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1.: Bearman and Obasaju [2] experimental results where the bold line is A/D = 0 and Re = 20, 000 (a) Vortex shedding frequency versus reduced velocity (b) Distribution of mean pressure around an oscillating square-section cylinder

1.: Bearman and Obasaju [2] experimental results where the bold line is A/D = 0 and Re = 20, 000 (a) Vortex shedding frequency versus reduced velocity (b) Distribution of mean pressure around an oscillating square-section cylinder

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Numerical investigations (2D URANS) of flow past a square cylinder Work Description: External flows past bluff bodies, such as square cylinders, have been studied experimentally very well because of their technical applications. Despite the numerous experimental investigations, numerical simulations of such flows have drawn the interest of many re...

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... main objective was to In their studies the vortexshedding frequency n was estimated from the power spectra of pressure fluctuations recorded at the center of a side face of the square section. Figure 2.1a represents the shedding frequency of the stationary model A/D = 0, where A is the oscillation amplitude and D is the section dimension which remains constant. ...
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... mean pressure distribution around the cylinder was also measured. Figure 2.1b shows the pressure coefficient distribution along the points A − B − C − D, this shows clearly the pressure recovery due to the detachment of the boundary layer. ...
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... square aluminum cylinder was of diameter D = 4 cm, and length L = 39 cm, resulting in a blockage of 7% and an aspect ratio of 9.75. Figure 2.2 shows the deviation of phase-averaged velocity (u) profiles from the time averaged (u) profiles for two selected phases, one during acceleration (phase 5) and one during deceleration (phase 15). ...
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... it is known, the vortex shedding frequencies are not sensitive to the aspect ratio, and the ratios calculated in the simulations were in good agreement with published results. In this study, the time averaged pressure coefficient (C p ) distribution shown in Figure 2.3a is in a good agreement with the published experimental data and the numerical results. On the side-surface (0.5 ≤ x p ≤ 1.5) and the back surface (1.5 ≤ x p ≤ 2) C P does not show a large variation. ...
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... the side-surface (0.5 ≤ x p ≤ 1.5) and the back surface (1.5 ≤ x p ≤ 2) C P does not show a large variation. The mean streamwise velocity distribution along the centre-line (x 2 = 0) of the square is shown in Figure 2.3b. In the upstream region the results show a moreover good agreement with the experimental results from Durao et al. [13]. ...
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... inlet boundary is located at a distance 12H from the center of the cylinder and the outlet is located 30H downstream. Figure 2.4a shows that the mean pressure distribution is predicted fairly well by all models. ...
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... the modified model predicts fairly well the mean drag coefficient, the results for the mean pressure behind the rear corner C appears to show a faster rate of reduction than is suggested by the data. Figure 2.4b is a plot of the time averaged streamwise velocity along the center-line. The size of the recirculation zone downstream of the cylinder is captured quiet well by the modified model when the grid D2 is used to obtain a similar blockage ratio as in Lyn's experiments. ...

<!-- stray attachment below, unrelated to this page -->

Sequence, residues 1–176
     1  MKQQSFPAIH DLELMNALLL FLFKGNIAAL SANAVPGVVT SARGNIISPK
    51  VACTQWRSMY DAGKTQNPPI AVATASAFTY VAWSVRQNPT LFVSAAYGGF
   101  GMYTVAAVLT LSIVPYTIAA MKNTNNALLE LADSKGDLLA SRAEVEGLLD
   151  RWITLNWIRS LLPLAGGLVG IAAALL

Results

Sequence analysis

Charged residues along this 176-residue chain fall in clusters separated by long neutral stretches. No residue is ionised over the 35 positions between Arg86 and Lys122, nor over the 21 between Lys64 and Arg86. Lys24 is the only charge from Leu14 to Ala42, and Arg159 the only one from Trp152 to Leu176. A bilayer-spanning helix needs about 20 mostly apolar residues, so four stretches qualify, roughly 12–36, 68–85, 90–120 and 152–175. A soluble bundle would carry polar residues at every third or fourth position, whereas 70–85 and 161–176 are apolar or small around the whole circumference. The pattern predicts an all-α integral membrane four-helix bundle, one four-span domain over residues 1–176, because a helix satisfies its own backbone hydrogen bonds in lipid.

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... the diatomic gas assumption, γ = 1.4 and in the Figure 2.5 ρ/ρ ∞ is plotted as a function of M from zero to sonic flow. For M < 0.32 the value of ρ deviates from ρ 0 less than a 5%, and for all practical purposes the flow can be treated as incompressible. ...
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... methodologies depend on the problem to be considered and on the numerical methods used. Pope [7] provides a list of example cases where LES can be applied. As it is already known, turbulent flows contain a wide range of length and time scales. The range of eddy sizes that might be found in a flow is shown schematically on the left hand side of Fig. 2.6. The right-hand side of this figure shows the time Theoretical Background history of a typical velocity component at a point in the flow. What this image enlighten is the fact that LES provides a cost efficient solution for representing the large scale motions. If a more accurate representation of the small scales is required then ...
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... is important to state the difference between the Reynolds decomposition and the previous formulation. Here, the filtered velocity U (x, t) is a random field and in general the filtered residual is not zero, u = 0. Figure 2.7 shows a sample velocity field U (x) and the corresponding filtered field U (x) for a Gaussian filter with ∆ ≈ 0.35. Here it is evident that U (x) follows the general trends of U (x). ...
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... the average is over all time, then the resulting equations are the traditional steady RANS equations, the mean flow defined by the average is steady. Figure 2.8 shows a visual representation of how each of the described methods represent the turbulent flow over a bluff body. ...
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... the other hand, the computational cost for SST was almost three times lower than for the LES simulations. Figure 2.9 shows the main differences when representing the flow using the SST, SAS and LES methodologies. ...

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